6 things to say when someone is having a panic attack

It’s hard living with irritating mental health issues which can disrupt what is otherwise a fun occasion. It’s also hard having to be witness to these issues when you really don’t have much of a clue what to say or do. Here are my top six things to say to someone who is suffering a panic attack.

“Are you panicking?”

I once took a First Aid course where I was told that the first thing to establish when you think someone might be choking is to ask, “Are you choking?” It might seem a bit of a daft question, given that if the answer is in the affirmative, they won’t be able to answer you. However, it’s good to ascertain what’s going on before you try and do anything – someone could be panicking or they could just be having a wobbly few seconds. Likewise, someone could be choking or they could just be laughing at a joke. It’s best to find out before you start punching them in the spine.

“Come and sit down.”

When someone is panicking, they won’t have much of a clue what’s going on around them. If they look pale or start looking like they’re going to faint, get them to a chair as soon as you can. If possible, make it somewhere quiet where there aren’t many people around but the main aim is to stop them from face-planting into the carpet.

“Sod off.”

This is for the people around the person who is panicking, rather than the person themselves. When someone has a panic attack, chances are around 80% of the people around them will do nothing but stare. This is the same for when someone faints, vomits or generally disrupts the conversation with weird health-related behaviour. I’m not really sure what causes people to stand and gawp at a stranger in the street when they’re clearly in need of assistance but nonetheless this will happen a lot. Unfortunately, it can go a long way to making the person in distress feel worse so it’s good if you can find a way to limit spectators as much as possible.

Don’t actually say “sod off”, of course, just politely ask if people wouldn’t mind backing away or going somewhere else. Unless they reply with “I’m this person’s family member/best friend/partner”, “I’m a doctor” or “Hey, this is my house!”, they should hopefully understand.

A good way of getting rid of people who are flapping around and generally being a bit of a nuisance is to tell them to go and fetch something. Tissues, water, a paper bag, anything. These things might all be useful for the person who is panicking, but the main point is to get other people to go away. It’s humiliating enough suffering a panic attack in public without everyone around you hovering awkwardly.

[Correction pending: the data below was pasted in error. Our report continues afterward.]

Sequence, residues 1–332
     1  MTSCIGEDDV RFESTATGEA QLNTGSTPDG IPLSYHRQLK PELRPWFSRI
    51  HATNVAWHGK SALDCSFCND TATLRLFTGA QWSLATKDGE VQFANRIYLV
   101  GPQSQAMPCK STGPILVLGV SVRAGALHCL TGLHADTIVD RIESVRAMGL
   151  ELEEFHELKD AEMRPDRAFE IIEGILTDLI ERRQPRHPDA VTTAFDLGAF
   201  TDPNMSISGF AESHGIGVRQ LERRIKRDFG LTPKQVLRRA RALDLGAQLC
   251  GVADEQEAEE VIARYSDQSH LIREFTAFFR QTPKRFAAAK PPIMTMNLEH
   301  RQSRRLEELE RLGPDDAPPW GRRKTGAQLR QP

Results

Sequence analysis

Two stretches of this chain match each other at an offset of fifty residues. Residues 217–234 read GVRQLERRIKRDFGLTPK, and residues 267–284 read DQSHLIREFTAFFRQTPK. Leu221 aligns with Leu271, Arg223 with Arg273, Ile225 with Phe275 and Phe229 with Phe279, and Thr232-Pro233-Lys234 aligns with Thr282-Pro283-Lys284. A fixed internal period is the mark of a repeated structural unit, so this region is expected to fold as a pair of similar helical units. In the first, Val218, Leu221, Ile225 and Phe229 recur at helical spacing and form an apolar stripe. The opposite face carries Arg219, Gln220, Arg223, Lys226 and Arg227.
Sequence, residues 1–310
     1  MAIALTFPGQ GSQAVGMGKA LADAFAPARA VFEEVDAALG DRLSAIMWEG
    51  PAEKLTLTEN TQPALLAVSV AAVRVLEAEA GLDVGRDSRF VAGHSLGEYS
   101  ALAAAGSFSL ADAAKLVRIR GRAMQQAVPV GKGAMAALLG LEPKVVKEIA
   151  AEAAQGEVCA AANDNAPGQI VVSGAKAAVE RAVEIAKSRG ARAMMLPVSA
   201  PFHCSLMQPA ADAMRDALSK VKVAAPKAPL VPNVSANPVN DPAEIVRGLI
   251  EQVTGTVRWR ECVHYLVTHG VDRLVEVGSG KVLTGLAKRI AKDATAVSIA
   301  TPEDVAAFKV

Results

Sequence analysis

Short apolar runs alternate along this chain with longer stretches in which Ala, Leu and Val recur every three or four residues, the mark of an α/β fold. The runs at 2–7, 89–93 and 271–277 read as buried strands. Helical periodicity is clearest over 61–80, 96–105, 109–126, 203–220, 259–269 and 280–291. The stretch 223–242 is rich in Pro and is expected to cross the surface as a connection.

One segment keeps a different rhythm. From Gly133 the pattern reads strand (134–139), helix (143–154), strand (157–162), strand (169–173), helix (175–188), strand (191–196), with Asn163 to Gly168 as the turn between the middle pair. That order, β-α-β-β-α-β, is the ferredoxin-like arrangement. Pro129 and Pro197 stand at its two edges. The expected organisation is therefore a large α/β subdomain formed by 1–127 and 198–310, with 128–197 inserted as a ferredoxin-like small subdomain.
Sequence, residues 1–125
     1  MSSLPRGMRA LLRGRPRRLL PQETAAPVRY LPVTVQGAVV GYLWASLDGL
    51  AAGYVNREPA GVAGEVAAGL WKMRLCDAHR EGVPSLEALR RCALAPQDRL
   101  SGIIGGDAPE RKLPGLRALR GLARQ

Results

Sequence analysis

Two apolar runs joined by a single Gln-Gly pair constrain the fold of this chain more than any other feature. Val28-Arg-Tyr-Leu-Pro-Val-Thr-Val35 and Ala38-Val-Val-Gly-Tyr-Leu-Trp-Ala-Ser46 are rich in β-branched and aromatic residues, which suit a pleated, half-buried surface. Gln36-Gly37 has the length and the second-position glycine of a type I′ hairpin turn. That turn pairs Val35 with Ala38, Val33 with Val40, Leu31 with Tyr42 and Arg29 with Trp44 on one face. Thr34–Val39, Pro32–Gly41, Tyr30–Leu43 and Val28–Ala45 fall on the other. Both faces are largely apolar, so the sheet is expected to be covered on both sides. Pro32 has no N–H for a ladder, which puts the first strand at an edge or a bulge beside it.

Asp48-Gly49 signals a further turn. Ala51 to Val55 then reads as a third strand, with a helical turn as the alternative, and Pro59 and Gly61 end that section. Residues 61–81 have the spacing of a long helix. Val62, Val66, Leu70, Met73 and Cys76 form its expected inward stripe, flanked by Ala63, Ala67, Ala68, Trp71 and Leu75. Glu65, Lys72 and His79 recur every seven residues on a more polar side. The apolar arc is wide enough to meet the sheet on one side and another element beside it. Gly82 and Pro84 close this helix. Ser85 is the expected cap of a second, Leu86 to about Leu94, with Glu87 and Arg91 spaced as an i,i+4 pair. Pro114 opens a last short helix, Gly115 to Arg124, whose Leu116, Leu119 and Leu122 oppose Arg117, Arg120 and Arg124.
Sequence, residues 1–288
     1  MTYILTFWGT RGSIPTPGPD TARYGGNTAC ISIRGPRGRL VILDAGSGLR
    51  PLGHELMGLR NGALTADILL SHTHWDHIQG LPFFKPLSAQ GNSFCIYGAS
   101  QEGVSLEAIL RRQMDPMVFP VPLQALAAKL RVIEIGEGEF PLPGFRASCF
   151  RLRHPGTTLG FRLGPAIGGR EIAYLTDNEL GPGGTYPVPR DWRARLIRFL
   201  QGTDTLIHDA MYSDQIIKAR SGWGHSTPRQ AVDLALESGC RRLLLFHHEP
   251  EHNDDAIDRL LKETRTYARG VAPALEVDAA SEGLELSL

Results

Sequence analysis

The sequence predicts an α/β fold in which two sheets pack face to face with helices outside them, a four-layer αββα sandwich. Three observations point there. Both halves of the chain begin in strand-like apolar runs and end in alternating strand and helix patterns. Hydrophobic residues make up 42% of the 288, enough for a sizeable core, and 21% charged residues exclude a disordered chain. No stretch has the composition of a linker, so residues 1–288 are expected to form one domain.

“Everything’s going to be fine.”

When someone has a panic attack, they can genuinely believe they’re going to die so some gentle reassurance can really help them. While it might be totally obvious to you that the sky is, in fact, still intact, it might not be so obvious to them. Speak quietly and let them know that everything’s all right.

“Breathe slowly.”

The irritating thing about having a panic attack is that your body decides to team up with your mind and goes, “Ha HA, now you’re going to feel even worse!” Hyperventilating limits the amount of oxygen getting to the brain and makes you panic more so if you can try and stop the person from doing this too much, it’ll definitely help. When they look as though they might be able to listen to you, ask them to take one breath in as slowly as they can and then release it in the same way. This is where the paper bag genuinely comes in handy, if you’ve got one. Once they’ve taken a few deep breaths in, they’ll start to feel better even if they don’t look better.

“How’re you doing?”

When they look a bit calmer, ask them how they are feeling. Hopefully, they’ll be able to give you a straight answer but if not, they might need a few minutes more. When someone starts panicking, it’s tempting to want to ask lots of questions but I’d say this would be the most important thing to ask. If you ask them what they want or what you should do to help, they’ll feel bad for not being able to respond properly and it might take them longer to calm down.

One question which comes up a lot is “Do you want me to leave you alone?” If someone is panicking and they don’t want you there, they’ll likely leave the area or tell you straight out to leave them alone. If they don’t do either of these things, there’s no need to worry that your company is making them worse. Being polite is not usually high on the agenda when you can’t breathe, so you can trust the person to be honest (if a bit abrupt).

This is mostly based on my personal experience so over to you – anything you’d suggest for people who are panicking? Has anyone come to your rescue when you’ve been totally out of it? Let me know in the comments.

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